From: Caleb Epstein (caleb.epstein_at_[hidden])
Date: 2006-04-20 15:21:47
Beman, is this on your radar screen at all? I last tried to ping you about
it in March.
To refresh, Boost.Filesystem seems to use the POSIX pathconf call
excessively, which hurts performance when doing recursive operations like
UNIX's find(1) command.
On 3/7/06, Caleb Epstein <caleb.epstein_at_[hidden]> wrote:
> On 3/6/06, Caleb Epstein <caleb.epstein_at_[hidden]> wrote:
> > On 3/4/06, Caleb Epstein <caleb.epstein_at_[hidden] > wrote:
> > > On 3/4/06, Ion Gaztañaga <igaztanaga_at_[hidden] > wrote:
> > >
> > > > Now that filesystem is proposed for the standard I would like to ask
> > > > boosters (and Beman, of course) if they find these performance
> > > > concerns
> > > > serious enough.
> > >
> > >
> > > Perhaps if they were accompanied by some comparative performance
> > > benchmarks or profile analysis?
> > >
> > In the interests of science, I wrote a small "file finder" using
> > Boost.Filesystem and a comparable version using POSIX functions ( e.g.
> > stat, readdir, etc). The POSIX version runs MANY times faster than the
> > Boost.Filesystem version (code attached). Note that the Boost version
> > makes use of the "status" member of the directory iterator which is in CVS
> > and is aimed at reducing the number of operating system calls that the
> > library needs to make.
> It seems that this profiling output might be slightly misleading. I don't
> think it is taking into account the time spent in system calls.
> Using the Google CPU Profiler, I reran my tests on the Boost.Filesystemversion of the file finder and I find that the bulk of the runtime is spent
> not in string manipulation, but in calls to "statfs". It appears that this
> is coming from basic_directory_iterator::m_init, where it is calling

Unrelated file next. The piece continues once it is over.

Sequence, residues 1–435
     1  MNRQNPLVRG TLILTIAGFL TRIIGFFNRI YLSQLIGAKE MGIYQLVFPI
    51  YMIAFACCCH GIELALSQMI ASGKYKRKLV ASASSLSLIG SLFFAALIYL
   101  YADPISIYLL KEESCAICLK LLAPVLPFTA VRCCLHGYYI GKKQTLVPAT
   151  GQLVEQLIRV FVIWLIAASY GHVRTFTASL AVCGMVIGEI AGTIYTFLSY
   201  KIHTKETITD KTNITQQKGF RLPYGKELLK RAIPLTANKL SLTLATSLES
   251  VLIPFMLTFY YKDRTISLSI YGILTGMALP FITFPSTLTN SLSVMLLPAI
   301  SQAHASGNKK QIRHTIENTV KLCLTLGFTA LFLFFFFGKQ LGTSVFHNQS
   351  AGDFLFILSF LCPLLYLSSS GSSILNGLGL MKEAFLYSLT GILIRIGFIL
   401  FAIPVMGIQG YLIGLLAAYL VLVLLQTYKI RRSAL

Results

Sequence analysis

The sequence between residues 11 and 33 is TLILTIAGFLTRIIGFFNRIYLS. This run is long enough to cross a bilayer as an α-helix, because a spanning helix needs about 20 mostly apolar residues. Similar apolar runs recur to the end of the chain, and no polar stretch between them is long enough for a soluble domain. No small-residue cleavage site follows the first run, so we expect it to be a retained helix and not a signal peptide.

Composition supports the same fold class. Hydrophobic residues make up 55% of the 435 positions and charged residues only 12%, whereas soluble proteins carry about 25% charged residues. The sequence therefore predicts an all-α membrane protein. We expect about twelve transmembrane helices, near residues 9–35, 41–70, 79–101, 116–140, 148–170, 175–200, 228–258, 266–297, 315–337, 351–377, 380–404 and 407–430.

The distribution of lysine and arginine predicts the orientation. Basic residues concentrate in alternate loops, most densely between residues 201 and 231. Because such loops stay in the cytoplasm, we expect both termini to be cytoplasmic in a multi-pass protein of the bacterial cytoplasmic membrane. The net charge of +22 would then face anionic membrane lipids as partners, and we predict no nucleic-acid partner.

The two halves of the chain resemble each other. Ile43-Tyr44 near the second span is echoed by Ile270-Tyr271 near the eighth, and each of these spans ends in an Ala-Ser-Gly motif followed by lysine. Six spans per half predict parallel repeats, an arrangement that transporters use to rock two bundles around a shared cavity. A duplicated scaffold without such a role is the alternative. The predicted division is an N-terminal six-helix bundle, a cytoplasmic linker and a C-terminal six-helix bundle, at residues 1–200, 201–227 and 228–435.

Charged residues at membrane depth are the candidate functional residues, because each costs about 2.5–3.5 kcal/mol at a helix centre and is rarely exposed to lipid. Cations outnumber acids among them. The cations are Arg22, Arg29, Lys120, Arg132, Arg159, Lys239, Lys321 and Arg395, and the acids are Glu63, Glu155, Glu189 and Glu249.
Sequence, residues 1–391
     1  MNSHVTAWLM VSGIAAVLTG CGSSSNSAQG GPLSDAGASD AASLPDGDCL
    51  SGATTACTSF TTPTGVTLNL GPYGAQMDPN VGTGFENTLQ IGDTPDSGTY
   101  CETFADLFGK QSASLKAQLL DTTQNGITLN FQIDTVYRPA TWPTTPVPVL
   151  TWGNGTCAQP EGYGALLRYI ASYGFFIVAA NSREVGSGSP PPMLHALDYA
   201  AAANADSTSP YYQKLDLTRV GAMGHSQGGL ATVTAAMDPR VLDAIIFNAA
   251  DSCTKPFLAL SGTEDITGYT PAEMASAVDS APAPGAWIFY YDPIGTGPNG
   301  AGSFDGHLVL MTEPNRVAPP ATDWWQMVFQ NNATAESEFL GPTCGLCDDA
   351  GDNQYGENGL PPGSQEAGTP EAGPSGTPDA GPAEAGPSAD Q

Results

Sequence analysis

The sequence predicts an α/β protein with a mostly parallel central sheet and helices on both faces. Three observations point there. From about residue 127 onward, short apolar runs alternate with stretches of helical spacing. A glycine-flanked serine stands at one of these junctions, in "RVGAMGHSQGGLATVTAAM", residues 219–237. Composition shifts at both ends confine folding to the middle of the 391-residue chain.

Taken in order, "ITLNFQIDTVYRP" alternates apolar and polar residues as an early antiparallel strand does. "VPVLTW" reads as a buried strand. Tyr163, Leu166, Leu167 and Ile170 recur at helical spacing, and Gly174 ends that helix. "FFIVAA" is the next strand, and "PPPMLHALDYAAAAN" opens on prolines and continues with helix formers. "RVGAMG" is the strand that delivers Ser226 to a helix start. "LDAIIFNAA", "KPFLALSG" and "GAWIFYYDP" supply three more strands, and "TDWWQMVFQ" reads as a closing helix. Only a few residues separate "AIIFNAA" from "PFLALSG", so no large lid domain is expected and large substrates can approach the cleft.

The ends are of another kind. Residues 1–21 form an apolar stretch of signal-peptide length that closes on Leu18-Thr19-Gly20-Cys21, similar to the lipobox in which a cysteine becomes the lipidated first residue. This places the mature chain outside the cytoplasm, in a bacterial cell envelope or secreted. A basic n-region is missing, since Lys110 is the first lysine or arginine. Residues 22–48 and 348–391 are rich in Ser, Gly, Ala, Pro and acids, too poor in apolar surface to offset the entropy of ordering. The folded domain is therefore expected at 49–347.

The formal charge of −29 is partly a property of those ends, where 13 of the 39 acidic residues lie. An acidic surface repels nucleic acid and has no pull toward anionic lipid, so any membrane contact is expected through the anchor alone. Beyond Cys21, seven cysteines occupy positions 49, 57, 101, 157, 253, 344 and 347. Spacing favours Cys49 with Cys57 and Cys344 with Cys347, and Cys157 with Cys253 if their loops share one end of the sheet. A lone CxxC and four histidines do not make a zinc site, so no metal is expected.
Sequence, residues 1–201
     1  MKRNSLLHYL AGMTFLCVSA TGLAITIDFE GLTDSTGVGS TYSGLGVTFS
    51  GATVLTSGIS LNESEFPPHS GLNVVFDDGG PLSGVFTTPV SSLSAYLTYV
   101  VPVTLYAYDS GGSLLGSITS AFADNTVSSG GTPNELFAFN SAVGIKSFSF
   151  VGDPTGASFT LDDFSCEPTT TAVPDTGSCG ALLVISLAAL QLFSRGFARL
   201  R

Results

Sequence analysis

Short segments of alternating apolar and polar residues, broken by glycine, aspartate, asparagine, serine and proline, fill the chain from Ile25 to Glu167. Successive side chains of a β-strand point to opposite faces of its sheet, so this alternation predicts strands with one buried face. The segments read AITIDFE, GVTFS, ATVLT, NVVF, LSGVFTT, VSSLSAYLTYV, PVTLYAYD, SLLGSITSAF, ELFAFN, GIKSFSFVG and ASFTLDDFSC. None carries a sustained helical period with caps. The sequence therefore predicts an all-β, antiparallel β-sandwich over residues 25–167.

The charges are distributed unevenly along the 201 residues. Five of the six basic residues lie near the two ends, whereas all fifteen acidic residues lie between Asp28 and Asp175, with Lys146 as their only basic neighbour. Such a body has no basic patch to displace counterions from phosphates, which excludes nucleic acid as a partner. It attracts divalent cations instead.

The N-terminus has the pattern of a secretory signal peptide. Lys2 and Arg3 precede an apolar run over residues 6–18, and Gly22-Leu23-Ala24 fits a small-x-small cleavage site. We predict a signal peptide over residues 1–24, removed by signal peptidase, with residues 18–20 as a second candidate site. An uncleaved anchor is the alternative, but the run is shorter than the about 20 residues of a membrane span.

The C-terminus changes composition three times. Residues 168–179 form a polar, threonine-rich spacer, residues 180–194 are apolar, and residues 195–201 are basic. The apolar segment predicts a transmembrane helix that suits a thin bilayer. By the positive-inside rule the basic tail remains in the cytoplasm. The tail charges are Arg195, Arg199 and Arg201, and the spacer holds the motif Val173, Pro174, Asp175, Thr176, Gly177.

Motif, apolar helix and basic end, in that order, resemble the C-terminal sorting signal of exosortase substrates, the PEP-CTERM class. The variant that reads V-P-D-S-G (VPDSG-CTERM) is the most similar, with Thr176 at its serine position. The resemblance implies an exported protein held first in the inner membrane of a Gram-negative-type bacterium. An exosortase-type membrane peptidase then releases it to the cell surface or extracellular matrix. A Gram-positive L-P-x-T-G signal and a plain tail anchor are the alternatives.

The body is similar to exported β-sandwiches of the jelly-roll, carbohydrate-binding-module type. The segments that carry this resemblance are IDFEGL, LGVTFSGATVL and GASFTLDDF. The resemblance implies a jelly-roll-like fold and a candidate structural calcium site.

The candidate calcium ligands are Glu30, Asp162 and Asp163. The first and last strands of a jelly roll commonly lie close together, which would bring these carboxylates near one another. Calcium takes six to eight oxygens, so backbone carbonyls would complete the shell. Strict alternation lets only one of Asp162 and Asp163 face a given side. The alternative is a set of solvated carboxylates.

> #0 0x4020d9c0 in statfs () from /lib/tls/libc.so.6
> #1 0x401dfb72 in pathconf () from /lib/tls/libc.so.6
> #2 0x40022f89 in boost::filesystem::detail::dir_itr_first
> buffer=@0x8051188, dir=@0xbfd8f79c, target=@0xbfd8f798)
> at libs/filesystem/src/operations.cpp:1178
> #3 0x0804d231 in
> boost::filesystem::path_traits> >::m_init (
> this=0xbfd8f85c, dir_path=@0x80510d0) at operations.hpp:881
> #4 0x0804d903 in basic_directory_iterator (this=0xbfd8f85c,
> dir_path=@0x80510d0) at operations.hpp:911
> #5 0x0804ad72 in finder (root=@0xbfd8f57c, stats=@0xbfd8f8e0,
> at finder-fs.cpp:39
> #6 0x0804b07d in main (argc=6, argv=0xbfd8f9b4) at finder-fs.cpp:90
> This call accounts for 75% of the program's runtime according to Google's
> profiler (see attached PDF)
> If I change the code in dir_itr_first to use the constant value NAME_MAX
> instead of retrieving this value via pathconf, the runtime for the
> Boost.Filesytem test and my "pure POSIX" version are nearly identical.
> Both run in about 0.8 seconds once the buffer cache has been seeded.
> I understand why pathconf is being used for portability's sake, but it
> seems like its a real performance killer. Perhaps the NAME_MAX or MAXNAMLEN
> value could be used on platforms where it is defined?
> Caleb Epstein
> caleb dot epstein at gmail dot com
-- Caleb Epstein caleb dot epstein at gmail dot com
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